We prefer the implementation in Chrome, though, where the toolbar pops down when the RoboForm icon is selected.

RoboForm’s features can also be accessed by right-clicking its Notification Bar icon.

Hovering over this icon, instead, allows you to quickly search for saved passwords.

RoboForm Start Page is designed to replace your browser’s default start page with a list of your favorite websites, which can be clicked on to automatically log you into the selected website. This page allows for a fair degree of customization.

As with all good password managers, RoboForm can easily generate strong passwords.

RoboForm works not just with web passwords, but will offer to save the passwords of your desktop applications.

RoboForm works well on the Desktop, performing its job with aplomb. We prefer the way in which the RoboForm taskbar works in Chrome to how it does in Firefox, but this is a minor gripe.

How to use RoboForm on mobile

Mobile apps are available for iOS, Android, Blackberry 5.x, and Windows Phone. We tested the Android version.

It is possible to download the raw .apk file for Android directly from the website, which is a great bonus for those security conscious types who prefer to avoid using the Google Play Store. We wish that more security products offered this option.

The Android app allows you to access all your passwords, Identities, and Safenotes etc. Clicking on an entry will take you to its associated website in the apps built-in browser, and log you in automatically.

The built-in browser isn’t bad, but it’s unlikely that you’ll want it to replace your more fully featured regular browser.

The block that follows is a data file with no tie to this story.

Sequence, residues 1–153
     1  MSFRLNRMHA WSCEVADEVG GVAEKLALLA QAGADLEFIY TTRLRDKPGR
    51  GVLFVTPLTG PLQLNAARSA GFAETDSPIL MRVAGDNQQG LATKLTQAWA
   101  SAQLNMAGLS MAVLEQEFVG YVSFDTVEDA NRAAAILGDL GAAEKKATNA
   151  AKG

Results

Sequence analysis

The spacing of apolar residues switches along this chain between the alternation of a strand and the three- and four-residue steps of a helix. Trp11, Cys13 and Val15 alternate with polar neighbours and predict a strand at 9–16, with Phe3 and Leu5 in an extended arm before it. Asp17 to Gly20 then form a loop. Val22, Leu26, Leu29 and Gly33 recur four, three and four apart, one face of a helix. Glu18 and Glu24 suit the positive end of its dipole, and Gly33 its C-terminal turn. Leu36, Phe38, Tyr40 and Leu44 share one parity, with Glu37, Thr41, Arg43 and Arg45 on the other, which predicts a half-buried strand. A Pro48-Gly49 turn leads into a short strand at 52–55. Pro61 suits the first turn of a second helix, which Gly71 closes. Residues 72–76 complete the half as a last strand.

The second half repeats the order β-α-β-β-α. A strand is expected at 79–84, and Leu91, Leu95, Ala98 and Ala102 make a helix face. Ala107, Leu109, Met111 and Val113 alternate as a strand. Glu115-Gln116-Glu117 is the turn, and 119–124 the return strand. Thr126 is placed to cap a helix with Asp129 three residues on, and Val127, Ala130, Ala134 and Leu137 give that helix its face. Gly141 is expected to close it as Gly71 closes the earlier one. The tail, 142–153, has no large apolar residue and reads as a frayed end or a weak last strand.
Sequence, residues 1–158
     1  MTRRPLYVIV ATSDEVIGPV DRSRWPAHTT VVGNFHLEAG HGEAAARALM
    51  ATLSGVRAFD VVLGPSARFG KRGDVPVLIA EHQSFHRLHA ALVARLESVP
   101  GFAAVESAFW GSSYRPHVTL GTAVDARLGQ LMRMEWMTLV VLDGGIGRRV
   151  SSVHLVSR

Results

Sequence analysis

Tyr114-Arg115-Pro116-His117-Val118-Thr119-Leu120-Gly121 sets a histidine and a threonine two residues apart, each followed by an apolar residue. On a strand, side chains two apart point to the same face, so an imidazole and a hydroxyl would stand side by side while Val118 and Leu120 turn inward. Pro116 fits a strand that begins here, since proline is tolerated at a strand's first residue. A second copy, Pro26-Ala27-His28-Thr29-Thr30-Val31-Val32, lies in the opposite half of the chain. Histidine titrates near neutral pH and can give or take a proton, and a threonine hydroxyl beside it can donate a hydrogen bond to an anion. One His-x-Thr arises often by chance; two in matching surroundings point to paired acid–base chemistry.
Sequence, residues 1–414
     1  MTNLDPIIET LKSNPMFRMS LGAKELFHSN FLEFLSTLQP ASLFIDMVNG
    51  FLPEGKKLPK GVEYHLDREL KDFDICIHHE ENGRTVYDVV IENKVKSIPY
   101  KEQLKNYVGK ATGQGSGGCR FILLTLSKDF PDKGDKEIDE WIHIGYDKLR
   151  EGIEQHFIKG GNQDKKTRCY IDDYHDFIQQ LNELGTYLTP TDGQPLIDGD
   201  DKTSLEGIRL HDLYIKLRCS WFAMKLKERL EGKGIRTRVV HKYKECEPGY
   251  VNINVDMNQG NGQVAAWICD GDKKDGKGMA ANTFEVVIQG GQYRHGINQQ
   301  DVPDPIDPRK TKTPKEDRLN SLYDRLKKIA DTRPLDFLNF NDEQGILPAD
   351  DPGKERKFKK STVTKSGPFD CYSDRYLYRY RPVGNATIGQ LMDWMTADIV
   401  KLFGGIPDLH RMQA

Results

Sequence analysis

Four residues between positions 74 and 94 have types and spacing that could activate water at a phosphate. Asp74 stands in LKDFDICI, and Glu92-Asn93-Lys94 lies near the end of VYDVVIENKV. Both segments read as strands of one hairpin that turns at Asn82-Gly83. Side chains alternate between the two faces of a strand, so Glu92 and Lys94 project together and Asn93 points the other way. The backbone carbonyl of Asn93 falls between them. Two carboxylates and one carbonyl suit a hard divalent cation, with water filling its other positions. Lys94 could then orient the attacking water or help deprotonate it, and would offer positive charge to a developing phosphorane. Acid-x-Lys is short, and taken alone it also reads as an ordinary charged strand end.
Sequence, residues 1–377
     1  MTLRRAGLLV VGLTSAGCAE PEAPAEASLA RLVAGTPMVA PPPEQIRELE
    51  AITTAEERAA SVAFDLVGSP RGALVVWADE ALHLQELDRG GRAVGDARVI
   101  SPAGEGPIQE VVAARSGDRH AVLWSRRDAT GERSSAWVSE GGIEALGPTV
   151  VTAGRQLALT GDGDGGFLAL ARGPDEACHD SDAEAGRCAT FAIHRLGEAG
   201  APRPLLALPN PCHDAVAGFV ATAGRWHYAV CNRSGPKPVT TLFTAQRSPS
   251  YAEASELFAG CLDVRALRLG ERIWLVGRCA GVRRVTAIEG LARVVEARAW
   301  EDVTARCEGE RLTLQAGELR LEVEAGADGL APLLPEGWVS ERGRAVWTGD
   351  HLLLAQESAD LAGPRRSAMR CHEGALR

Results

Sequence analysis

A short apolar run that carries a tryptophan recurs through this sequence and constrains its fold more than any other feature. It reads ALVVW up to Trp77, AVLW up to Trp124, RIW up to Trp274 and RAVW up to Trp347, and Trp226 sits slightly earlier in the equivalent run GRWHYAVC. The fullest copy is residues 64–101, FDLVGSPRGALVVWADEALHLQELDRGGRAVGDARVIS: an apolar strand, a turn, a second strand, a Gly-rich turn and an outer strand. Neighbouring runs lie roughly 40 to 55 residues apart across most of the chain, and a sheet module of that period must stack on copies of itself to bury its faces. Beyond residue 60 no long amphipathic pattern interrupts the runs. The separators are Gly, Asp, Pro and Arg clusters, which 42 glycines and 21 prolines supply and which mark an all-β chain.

And this where the problems start, because although RoboForm is supposed to include a Firefox for Android browser add-on, we could not get this to install (we tried on both a Samsung Note 4 phone and a Nexus 7 tablet.) There is also no support for Chrome, although an add-on is available for the Dolphin browser.

This means that for most (non-Dolphin) users, there is no browser or other Android integration, so accessing passwords outside the RoboForm app involves opening the app, finding the correct entry, long-clicking it and selecting ‘Show’, then cutting and pasting the details into where you need them. Cumbersome hardly seems to cover it!

There is also no support for fingerprint scanners in Android, although Touch ID is supported on iOS devices. RoboForm for iOS uses a version of Safari that is integrated into the app, but does not integrate into with Safari itself outside of the app.

RoboForm has told us that “we are aware of the issue with RoboForm for Android on Firefox browser and our developers are currently working on a permanent solution.” When the problem is fixed, RoboForm will likely be much more usable on Android devices, but for the time being, RoboForm does not provide a great experience for most users.


As with every dedicated password manager we have reviewed so far, RoboForm works extremely well on the desktop, and we commend it for supporting Linux systems. What is becoming clear as we perform more password manager reviews, however, is that mobile implementation is often the key factor in differentiating products in this keenly competitive market space. Unfortunately, this is an area where RoboForm fails to impress, and as it stands, offers little to recommend it over FOSS alternative KeePass . Good Firefox integration in Android may change our minds on this front, though… when it becomes available.

Written by: Douglas Crawford

Has worked for almost six years as senior staff writer and resident tech and VPN industry expert at Widely quoted on issues relating cybersecurity and digital privacy in the UK national press (The Independent & Daily Mail Online) and international technology publications such as Ars Technica.